The availability of high-rated pumps by the end of the century allowed miners to dig deeper. Eventually, underground mines of up to 200 feet became operations. By the 1930s, this system was modified to introduce underground mines that allowed the setup of a wagon system. Now clay extracts were transported to the surface in bigger wagons revolutionizing the mining volume.
Large-scale Opencast Mining
Underground mining was expensive, given how resource intensive and unsafe it was. However, by the 1970s, miners started to realize the potential of opencast mining. Technology evolution played a significant role in this transition as miners could accurately predict clay deposits and were equipped with machines that could dig speedily.
Once a particular area of clay deposit was discovered, quarries ranging in size from four to sixty meters were excavated. The upper surface was removed till the clay deposits were reached, and they were then extracted using trucks and other mediums of transport. This mining method is used even today and has resulted in massive ball clay production across the globe.
What are the applications of Ball Clay
One of the most primitive dated uses of ball clay was to make tobacco pipes. But with time, the world has realized the potential of ball clay’s physical and chemical properties, and its use has spread to various industries.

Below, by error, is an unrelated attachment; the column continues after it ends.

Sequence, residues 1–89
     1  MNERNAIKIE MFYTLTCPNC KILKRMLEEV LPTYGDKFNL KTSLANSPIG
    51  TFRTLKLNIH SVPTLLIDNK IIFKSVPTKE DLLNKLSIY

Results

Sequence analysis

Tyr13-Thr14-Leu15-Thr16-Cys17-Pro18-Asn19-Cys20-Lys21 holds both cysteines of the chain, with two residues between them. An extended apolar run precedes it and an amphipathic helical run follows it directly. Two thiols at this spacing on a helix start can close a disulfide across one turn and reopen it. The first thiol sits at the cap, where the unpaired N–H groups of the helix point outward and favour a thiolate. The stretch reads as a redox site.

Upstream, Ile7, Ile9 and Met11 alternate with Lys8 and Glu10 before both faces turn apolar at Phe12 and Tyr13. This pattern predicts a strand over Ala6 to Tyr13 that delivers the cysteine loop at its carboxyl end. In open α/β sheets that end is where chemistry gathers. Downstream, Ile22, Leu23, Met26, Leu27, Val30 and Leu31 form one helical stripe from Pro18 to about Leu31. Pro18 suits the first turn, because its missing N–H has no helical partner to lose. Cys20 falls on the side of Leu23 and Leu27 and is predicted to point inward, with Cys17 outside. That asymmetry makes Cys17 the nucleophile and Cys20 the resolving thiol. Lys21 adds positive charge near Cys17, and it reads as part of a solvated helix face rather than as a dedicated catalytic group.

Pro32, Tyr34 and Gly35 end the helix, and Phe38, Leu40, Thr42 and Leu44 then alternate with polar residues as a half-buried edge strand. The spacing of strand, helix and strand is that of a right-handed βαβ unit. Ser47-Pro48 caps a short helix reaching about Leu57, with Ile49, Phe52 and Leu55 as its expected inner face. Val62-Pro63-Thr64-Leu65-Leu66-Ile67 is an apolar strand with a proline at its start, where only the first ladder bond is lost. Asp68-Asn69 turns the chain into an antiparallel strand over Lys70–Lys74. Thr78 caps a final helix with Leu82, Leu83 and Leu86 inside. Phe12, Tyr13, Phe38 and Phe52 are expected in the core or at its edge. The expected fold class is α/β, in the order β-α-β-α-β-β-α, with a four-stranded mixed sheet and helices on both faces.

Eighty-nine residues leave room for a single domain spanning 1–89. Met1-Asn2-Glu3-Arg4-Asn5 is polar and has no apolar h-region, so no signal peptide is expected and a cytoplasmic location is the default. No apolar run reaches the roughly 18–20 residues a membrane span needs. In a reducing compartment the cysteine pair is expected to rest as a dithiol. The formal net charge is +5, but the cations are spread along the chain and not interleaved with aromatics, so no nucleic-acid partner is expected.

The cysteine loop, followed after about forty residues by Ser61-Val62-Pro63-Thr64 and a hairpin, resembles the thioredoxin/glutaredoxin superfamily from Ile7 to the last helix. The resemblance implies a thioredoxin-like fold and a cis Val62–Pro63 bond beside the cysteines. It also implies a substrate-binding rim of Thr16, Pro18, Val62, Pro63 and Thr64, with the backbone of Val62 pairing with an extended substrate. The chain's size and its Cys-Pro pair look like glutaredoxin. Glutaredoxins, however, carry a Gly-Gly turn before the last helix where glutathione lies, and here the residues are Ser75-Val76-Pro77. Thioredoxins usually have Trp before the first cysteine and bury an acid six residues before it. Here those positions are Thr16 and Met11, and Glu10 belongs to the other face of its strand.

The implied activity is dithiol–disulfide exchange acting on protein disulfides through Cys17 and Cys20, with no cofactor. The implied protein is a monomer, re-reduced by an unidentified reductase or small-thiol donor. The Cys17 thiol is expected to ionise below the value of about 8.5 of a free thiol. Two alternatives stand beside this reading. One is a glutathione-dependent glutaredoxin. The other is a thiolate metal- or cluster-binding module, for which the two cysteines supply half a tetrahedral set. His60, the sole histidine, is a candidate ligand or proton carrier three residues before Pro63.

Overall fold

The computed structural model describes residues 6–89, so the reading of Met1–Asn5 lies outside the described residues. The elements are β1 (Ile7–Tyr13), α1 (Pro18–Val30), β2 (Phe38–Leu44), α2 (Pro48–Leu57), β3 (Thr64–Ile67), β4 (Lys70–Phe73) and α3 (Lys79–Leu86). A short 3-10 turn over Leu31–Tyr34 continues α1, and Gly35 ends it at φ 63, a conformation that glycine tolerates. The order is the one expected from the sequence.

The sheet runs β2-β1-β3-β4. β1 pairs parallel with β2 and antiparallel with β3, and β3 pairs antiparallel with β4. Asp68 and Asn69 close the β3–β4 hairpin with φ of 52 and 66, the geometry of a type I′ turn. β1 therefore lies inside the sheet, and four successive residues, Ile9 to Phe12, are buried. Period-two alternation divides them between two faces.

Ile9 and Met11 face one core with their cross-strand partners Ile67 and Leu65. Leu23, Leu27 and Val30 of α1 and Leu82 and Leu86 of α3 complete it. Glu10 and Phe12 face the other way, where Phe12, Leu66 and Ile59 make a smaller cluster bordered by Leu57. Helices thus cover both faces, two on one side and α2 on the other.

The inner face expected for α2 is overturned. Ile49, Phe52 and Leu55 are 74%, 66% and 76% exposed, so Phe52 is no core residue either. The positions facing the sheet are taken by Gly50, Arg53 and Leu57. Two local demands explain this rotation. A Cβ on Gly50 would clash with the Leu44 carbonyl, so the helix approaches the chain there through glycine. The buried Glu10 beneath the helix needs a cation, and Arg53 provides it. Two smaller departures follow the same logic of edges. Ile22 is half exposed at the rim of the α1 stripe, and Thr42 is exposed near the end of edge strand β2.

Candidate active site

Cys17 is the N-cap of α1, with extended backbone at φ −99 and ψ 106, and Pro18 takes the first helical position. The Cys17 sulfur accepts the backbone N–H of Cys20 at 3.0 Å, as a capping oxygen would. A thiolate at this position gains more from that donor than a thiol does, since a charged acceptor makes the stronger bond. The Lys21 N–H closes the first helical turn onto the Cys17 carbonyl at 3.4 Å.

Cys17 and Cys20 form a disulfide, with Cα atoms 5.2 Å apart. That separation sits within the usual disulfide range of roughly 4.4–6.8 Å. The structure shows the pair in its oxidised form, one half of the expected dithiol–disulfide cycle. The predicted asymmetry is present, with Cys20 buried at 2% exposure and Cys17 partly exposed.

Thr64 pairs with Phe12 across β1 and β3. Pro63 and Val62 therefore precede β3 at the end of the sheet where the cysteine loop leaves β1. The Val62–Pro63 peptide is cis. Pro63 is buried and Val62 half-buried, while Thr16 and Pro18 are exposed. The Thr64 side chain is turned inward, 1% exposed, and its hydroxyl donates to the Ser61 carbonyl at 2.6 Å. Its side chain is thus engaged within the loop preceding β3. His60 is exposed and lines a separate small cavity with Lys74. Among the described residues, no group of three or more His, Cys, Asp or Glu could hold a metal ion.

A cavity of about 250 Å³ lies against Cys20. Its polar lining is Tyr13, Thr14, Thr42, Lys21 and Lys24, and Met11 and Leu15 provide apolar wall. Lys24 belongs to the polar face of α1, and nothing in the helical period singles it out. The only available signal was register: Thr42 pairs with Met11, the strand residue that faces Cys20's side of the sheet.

Ball clay is the most vital component in ceramic manufacturing, given its white-firing properties and high plasticity and strength. They are often combined with other materials to produce various ceramic products, including sanitaryware and tableware.
Ball clays can handle extremely high temperatures without significantly changing their composition. This is why they are widely used in various refractory products like kiln insulation and more.
Ball clay’s plasticity and good bonding properties make it an ideal candidate for tile production. Hence it is used in various combinations with talc, feldspar, silica and kaolin to manufacture wall and floor tiles.
Along with heat resistance, ball clays also possess excellent insulation properties. Hence they are widely used for producing electrical porcelain insulators and other such insulating components.
Apart from the major applications mentioned above, ball clays are used in various combinations for the construction industry, agriculture and horticulture. It is also used as a filler material for plastics, sealants, polymers and even fertilizers.
JLD Minerals Pioneering Ball Clay production
With an experience of over 50 years, JLD Minerals has been pioneering ball clay production in India. Its streamlined processes and widespread logistics network ensure a reliable and quality ball clay supply. Presently JLD Minerals are the biggest exporter of ball clay from India. Its mining infrastructure is spread over 25+ mining sites, two processing plants, three grinding units and two state-of-the-art R&D centres. Driven by the power of innovative technology and the passion of a young team, JLD Minerals has become one of the most reliable suppliers of ball clay in the world.